Last week, Harrison Browne became the first transgender player to compete in a professional sport in America.
The National Women’s Hockey League (NWHL), which began in 2015, accepted him with open arms, as the Buffalo Beauts fans erupted in applause after his pregame introduction.
While Browne is the first transgender professional athlete, in the realm of amateur sport, Chris Mosier became the first transgender athlete to earn a spot on Team USA sprint duathlon team. He also became the first transgender athlete to pose nude in ESPN The Magazine Body Issue. However, Mosier wasn’t able to make it to the professional level because of restrictive rules that did not accommodate him as a transgender player.
In an interview with Vice, Browne referred to one of Mosier’s comments that really touched him: “He said that you don’t have to change who you are to play the sport you love. You can still be your authentic self and play the sport you love… He mentioned that you can’t play at your best when you’re thinking of other things.” Browne realized that “being called by the right name and gender pronoun is one stepping-stone to being the best player I can be.”
Throughout college and even in the pros, Browne noted widespread acceptance; he commented, “Overall my team was amazing. My coaching staff was great, too.”
In the recent weeks, numerous articles and interviews have been released regarding Harrison Browne’s emergence in the NWHL. In almost every interview, Browne was confronted with the fact that he identifies as a man, but is not medically transitioned.
His opportunity to be recognized as a man and to play in the NWHL has allowed him to further his hockey career. However league rules have halted his desire to medically transition, which he admitted is difficult in an interview with Yahoo! Sports.
“I haven’t started testosterone, I haven’t gotten surgeries… there’s no chance of me doing that or I would have been disqualified.” This limitation lends insight into how sports leagues define gender. If Browne medically transitions, the NWHL will no longer accept him because professional sport identifies gender based on biological sex.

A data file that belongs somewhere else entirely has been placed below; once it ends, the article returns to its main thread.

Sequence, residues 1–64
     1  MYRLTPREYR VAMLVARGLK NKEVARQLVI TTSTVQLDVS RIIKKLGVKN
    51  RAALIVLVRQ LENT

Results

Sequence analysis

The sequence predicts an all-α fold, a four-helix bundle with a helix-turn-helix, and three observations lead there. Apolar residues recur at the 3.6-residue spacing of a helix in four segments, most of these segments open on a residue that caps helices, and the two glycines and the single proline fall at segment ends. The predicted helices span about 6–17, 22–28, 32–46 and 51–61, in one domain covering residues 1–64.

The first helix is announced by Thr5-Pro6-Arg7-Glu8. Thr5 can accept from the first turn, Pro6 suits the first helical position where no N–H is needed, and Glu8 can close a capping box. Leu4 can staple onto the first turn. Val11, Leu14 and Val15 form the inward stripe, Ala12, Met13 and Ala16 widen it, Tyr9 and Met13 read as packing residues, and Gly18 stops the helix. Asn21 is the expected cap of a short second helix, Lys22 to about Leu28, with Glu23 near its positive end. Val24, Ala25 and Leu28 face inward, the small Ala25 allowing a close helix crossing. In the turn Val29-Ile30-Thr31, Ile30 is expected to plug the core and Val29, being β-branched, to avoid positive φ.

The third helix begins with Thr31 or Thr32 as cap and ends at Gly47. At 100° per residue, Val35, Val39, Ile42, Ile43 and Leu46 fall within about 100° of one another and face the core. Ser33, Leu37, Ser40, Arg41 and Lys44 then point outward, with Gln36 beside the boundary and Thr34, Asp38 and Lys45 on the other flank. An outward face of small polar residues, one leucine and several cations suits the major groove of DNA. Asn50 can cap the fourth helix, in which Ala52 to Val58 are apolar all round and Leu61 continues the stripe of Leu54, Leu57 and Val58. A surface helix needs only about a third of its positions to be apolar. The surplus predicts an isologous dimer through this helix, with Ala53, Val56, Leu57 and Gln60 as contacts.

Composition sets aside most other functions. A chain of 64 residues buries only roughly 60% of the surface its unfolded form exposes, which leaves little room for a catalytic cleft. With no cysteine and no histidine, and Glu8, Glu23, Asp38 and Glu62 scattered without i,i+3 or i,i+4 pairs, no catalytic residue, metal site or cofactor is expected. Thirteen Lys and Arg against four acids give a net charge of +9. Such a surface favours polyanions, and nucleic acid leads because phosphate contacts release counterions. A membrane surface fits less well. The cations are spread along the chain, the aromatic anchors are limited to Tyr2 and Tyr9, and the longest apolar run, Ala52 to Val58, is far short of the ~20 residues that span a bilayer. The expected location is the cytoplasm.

Browne hinted at his desire to go through with a medical transition in his video: “Maybe I could continue playing, obviously not in the same league that I’m playing, but it’s possible.”
As of now, professional sports leagues across the board seem to abide by the idea that biological makeup defines gender categories. The emergence of a professional transgender athlete forces the pro sports community to reconsider this — a topic that for many years has been avoided.
In order to help clear this up, Browne released a Youtube video, where he says: “I don’t have big muscles or my voice hasn’t dropped but that doesn’t make you any less of a man, and I’m here to show you that you can be a man without going through all those things.”
There is a wealth of trans people who do not make the medical transition for a variety of reasons, including the physical and emotional tax it takes on the body. For those who can’t medically transition, recognition of Browne’s ‘he’ pronoun by the NWHL can be an enormous source of inspiration.
Although the acknowledgment of his pronoun has shown trans people that his league, teammates, and coaches can recognize him as a man, Browne still remains in the NWHL.
The ease at which Browne has been able to play in college and the NWHL is a powerful example to the transgender community. He has shown many sports lovers and athletes that any person, regardless of gender, should feel comfortable accepting who they are and be able to continue doing what they love.
However, Browne describes remaining in “limbo as a transgender man on a woman’s team.” Moreover, he still has to struggle with his decision on whether to make the medical transition that he has expressed interest in, especially considering that, based on the current rules, it would mean the end of his participation in the NWHL.